Tuesday, August 16, 2011

Top Gear fakery: Lambo test fraud?

The boys on Top Gear have found themselves at the receiving end of a string of accusations that a lot of the stuff they do on the show is faked and they use professional drivers to do the stunts, More after the jump:

Top Gear may be one of the world’s most popular TV shows but it's had its fair share of controversy over the years. The latest is an ongoing "fakery" scandal which has plagued the show since Tesla took legal action against the BBC for allegedly faking a test of its roadster.

Wheels24 reported in August that the programme angered Nissan with its LEAF test, during which the electric car was shown breaking down despite starting the test on less than half its battery capacity.

Now it seems sources are keen to jump on the Top-Fakery band wagon, even going into archive footage to out the programme as not always quite accurate.

The latest claims are that scenes filmed with 'Top Gear' stars are actually performed by professional drivers. Sources even claim that some of the high-speed stunts on the show’s track are actually executed by professional racing drivers hired by the BBC.

A source told the Daily Mail that there were limitations when it came to filming an episode and the show hired professionals to perform the stunts of which Jeremy Clarkson and his co-hosts are not capable.


"Well, he’s (Clarkson) not a pro, is he? There are limitations with filming. It’s all done on a pretty tight time schedule and they need to get the right shots quickly, which is why they use pros because they can do the stunts in one take," said the source."

A second source said: "'Top Gear' relies on professional racing drivers a lot more than the show would suggest. I would say 80% of the driving on the show is done by pros but it is made to look as if it’s done by Jeremy. When you see the wheels on a car spinning and smoke coming out, that will more than likely be a professional driver."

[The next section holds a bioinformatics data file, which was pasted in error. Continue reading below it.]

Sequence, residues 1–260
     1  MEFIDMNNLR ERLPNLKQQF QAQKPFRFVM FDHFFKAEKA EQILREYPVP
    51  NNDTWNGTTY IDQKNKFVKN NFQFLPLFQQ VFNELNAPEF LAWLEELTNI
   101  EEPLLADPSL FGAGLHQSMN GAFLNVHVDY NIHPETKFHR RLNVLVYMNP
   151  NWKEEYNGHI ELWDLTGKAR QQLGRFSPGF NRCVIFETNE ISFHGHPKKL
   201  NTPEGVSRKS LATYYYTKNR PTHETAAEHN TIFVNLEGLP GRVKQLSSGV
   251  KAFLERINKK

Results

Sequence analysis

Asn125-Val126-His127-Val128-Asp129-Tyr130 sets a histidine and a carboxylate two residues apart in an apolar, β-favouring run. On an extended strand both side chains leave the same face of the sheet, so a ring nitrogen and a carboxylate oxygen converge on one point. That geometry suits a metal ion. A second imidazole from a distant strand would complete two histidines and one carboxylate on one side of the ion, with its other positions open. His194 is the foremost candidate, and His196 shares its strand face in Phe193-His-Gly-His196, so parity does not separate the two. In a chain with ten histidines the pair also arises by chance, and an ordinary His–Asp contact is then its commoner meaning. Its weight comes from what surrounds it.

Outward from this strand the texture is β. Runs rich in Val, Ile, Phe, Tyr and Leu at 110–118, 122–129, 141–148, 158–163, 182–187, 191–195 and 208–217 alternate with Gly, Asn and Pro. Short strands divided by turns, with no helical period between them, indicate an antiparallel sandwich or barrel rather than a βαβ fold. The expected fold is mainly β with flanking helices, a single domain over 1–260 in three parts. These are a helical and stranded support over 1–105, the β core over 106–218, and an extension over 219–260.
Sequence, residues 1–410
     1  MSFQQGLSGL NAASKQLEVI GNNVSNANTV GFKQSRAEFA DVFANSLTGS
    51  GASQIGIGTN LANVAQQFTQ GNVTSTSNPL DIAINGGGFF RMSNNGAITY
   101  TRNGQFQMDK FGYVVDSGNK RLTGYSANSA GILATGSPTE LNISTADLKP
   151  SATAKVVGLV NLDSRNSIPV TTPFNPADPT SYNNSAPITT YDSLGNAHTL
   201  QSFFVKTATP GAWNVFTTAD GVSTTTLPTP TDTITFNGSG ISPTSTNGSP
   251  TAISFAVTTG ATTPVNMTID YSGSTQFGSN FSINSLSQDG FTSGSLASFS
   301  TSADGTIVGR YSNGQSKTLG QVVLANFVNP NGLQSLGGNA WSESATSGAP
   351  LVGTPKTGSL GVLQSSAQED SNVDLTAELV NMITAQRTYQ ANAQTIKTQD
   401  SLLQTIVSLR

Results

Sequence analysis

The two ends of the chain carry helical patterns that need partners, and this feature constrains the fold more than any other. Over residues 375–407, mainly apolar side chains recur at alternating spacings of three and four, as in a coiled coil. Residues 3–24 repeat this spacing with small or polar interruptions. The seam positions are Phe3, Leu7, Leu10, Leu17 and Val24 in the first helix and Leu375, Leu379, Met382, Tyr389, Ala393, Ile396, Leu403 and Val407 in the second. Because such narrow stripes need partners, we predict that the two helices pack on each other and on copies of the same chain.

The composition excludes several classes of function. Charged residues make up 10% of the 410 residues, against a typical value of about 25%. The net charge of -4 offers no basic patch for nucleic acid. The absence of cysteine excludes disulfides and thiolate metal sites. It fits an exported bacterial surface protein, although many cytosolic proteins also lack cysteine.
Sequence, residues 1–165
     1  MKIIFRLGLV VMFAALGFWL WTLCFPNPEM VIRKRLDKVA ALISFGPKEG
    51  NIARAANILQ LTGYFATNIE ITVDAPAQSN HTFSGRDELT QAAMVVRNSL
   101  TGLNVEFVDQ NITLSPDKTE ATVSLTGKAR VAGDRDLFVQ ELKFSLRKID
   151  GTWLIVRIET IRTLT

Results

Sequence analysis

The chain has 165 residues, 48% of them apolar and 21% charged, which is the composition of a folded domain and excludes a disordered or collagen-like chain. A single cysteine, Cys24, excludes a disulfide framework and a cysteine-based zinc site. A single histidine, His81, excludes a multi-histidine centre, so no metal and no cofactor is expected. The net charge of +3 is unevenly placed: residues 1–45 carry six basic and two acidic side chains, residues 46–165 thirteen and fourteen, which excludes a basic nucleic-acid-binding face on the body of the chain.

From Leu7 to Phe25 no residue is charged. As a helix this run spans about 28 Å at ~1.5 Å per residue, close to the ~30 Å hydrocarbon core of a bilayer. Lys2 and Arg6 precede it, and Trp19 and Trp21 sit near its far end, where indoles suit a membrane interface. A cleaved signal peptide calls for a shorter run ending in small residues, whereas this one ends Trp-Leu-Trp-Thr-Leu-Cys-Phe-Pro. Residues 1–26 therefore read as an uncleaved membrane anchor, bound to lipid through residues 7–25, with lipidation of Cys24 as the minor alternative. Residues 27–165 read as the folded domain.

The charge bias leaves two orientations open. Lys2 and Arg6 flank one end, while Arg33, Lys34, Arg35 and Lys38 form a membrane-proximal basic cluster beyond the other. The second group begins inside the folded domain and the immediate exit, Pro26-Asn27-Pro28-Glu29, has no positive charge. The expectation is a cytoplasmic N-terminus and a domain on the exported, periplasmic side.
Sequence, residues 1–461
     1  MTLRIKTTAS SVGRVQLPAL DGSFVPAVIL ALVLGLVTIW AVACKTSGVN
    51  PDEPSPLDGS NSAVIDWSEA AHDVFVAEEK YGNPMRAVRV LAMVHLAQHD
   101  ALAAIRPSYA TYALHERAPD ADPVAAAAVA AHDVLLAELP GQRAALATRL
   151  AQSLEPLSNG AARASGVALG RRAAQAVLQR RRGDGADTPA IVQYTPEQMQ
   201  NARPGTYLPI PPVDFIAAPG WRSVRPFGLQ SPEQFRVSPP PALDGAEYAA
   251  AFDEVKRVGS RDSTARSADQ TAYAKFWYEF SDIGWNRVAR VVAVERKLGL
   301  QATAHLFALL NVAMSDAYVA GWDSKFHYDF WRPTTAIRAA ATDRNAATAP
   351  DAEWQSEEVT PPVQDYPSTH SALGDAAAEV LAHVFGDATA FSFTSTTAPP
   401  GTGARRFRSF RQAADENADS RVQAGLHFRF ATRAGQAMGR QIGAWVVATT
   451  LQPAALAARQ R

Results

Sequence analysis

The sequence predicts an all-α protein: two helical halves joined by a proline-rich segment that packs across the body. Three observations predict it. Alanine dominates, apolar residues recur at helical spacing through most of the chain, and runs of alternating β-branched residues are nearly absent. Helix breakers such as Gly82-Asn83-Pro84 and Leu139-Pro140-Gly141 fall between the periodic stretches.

An episode aired in 2008 shows Clarkson test-driving a £178 000 (R2-million) Lamborghini Murcielago at a top speed of 333km/h in heavy rain. According to the Daily Mail however, though Clarkson was behind the wheel during certain sections of the episode, it was in fact Formula 3 driver Aaron Scott who achieved the blistering pace of 333km/h limit.

BBC spokeswoman Tara Davies commented that 'Top Gear' used professional drivers to save costs… no doubt Clarkson’s reported R10-million a year salary could be affecting overall costs.


"Yes, professional drivers are used on the show. On the Power Laps, production has the car for a day, and during that time Jeremy has to go off to do scripting, so rather than him driving for a bit and then everyone having some down time and the car just sitting there while he goes off and writes, and because it is a very expensive show to make, other people may do the driving."

Davies added that Clarkson would have driven the car up to the speed of 333km/h but for the purposes of padding out the episode with different shots/angles they would use a professional driver.

Davies issued a statement as reported on the Daily Mail: “Jeremy would have driven the car and got it to 333km/h. Then, when they wanted a camera shot of the speedometer going up to 333km/h they would have got a different driver to do that."

Is this telling us anything we didn’t already know? Clarkson and his co-host are certainly accomplished drivers but they couldn’t hold a candle to professional stunt and racing drivers. Clearly professionals are hired to make track shoots more dramatic, also the BBC could say the programmed never said any of its hosts would be behind the wheel for the entirety of the segment.

We suppose it could be called “fake” when viewers are led to believe the presenters are driving when it fact there are hired professionals behind the wheel.

The bottom line is, 'Top Gear' is an entertainment show and will be edited in way that creates the most entertaining show possible. Proof of its success is it’s incredible following and being rated as one of the most-popular shows globally.

Personally I think it only makes sense if this story is true, it reminds meof teh time when they told me that wrestling is fake, to tell you the truth I still love that shit and I'm going to continue watching Top Gear regardless of these accusations!



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